Finite mixture models do not reliably learn the number of components


Scientists and engineers are often interested in learning the number of subpopulations (or components) present in a data set. A common suggestion is to use a finite mixture model (FMM) with a prior on the number of components. Past work has shown the resulting FMM component-count posterior is consistent; that is, the posterior concentrates on the true, generating number of components. But consistency requires the assumption that the component likelihoods are perfectly specified, which is unrealistic in practice. In this paper, we add rigor to data-analysis folk wisdom by proving that under even the slightest model misspecification, the FMM component-count posterior diverges: the posterior probability of any particular finite number of components converges to 0 in the limit of infinite data. Contrary to intuition, posterior-density consistency is not sufficient to establish this result. We develop novel sufficient conditions that are more realistic and easily checkable than those common in the asymptotics literature. We illustrate practical consequences of our theory on simulated and real data.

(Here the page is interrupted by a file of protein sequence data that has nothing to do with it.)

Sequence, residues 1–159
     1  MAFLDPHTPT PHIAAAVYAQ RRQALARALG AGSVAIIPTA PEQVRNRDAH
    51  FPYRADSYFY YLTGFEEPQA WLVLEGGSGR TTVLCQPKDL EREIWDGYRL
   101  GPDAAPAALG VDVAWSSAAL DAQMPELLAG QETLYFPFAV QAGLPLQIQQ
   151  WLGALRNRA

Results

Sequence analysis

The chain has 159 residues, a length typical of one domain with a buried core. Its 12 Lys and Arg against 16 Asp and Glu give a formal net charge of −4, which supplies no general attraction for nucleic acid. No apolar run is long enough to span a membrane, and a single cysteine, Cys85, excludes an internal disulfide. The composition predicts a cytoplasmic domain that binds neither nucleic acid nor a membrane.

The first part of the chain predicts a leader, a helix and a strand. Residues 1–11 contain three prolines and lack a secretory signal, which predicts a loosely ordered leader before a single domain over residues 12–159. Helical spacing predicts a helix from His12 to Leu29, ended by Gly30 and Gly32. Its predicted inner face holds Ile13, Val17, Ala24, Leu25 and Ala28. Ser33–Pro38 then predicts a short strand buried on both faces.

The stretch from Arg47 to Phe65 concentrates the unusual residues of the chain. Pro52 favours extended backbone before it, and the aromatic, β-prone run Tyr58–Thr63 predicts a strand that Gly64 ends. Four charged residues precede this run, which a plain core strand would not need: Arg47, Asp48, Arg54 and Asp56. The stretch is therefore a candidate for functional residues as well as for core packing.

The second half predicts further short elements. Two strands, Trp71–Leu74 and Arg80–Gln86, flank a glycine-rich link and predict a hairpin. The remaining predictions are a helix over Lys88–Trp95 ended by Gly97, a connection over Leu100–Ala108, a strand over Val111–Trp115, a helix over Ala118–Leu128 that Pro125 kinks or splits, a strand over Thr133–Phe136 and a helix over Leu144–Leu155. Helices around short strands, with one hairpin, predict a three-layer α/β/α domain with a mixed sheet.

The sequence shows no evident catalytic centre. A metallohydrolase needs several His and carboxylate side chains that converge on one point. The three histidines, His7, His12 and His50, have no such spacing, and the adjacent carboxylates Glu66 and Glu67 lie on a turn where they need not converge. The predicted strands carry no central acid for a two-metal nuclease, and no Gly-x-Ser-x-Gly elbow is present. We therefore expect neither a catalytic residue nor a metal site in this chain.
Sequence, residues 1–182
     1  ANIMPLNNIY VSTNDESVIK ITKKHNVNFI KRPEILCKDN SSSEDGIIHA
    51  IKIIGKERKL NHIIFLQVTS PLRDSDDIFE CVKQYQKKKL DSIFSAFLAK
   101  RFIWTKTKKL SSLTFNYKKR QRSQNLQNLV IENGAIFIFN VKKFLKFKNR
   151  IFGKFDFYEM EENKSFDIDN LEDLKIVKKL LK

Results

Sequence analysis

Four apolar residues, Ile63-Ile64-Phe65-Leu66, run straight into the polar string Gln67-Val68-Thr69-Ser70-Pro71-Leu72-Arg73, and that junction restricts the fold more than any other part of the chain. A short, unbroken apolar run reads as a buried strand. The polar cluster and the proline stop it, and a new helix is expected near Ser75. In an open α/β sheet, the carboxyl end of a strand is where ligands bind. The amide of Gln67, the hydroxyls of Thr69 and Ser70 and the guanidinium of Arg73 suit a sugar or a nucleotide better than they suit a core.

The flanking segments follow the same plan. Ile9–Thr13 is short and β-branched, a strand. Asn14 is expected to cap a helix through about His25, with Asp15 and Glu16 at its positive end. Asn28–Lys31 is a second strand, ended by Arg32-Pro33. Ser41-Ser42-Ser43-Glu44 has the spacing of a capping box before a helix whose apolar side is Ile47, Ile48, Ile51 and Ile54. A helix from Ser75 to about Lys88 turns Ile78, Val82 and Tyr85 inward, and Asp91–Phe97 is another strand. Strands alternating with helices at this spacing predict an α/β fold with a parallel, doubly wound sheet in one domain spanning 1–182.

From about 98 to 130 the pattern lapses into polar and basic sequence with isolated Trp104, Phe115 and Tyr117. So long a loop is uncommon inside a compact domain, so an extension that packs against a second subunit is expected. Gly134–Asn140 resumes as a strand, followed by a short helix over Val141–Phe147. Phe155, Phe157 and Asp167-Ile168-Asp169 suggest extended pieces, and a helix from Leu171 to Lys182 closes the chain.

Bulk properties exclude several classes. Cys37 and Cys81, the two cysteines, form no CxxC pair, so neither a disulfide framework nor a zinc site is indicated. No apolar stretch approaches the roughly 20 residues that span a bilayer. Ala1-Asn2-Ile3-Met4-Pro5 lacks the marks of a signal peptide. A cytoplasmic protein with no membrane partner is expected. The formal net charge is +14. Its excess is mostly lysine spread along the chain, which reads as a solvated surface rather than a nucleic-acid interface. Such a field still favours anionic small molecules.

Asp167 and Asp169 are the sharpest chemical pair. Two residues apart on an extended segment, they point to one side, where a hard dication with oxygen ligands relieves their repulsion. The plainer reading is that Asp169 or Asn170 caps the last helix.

Proceedings of the 38th International Conference on Machine Learning (ICML)

Preliminary versions appeared in NeurIPS 2019 Workshop on Machine Learning with Guarantees and also the Symposium on Advances in Approximate Bayesian Inference 2017, co-located with NeurIPS 2017.


  title = {Finite mixture models do not reliably learn the number of components},
  author = {Cai, Diana and Campbell, Trevor and Broderick, Tamara},
  booktitle = {Proceedings of the 38th International Conference on Machine Learning},
  pages = {1158--1169},
  year = {2021},
  volume = {139},
  series = {Proceedings of Machine Learning Research},
  publisher = {PMLR}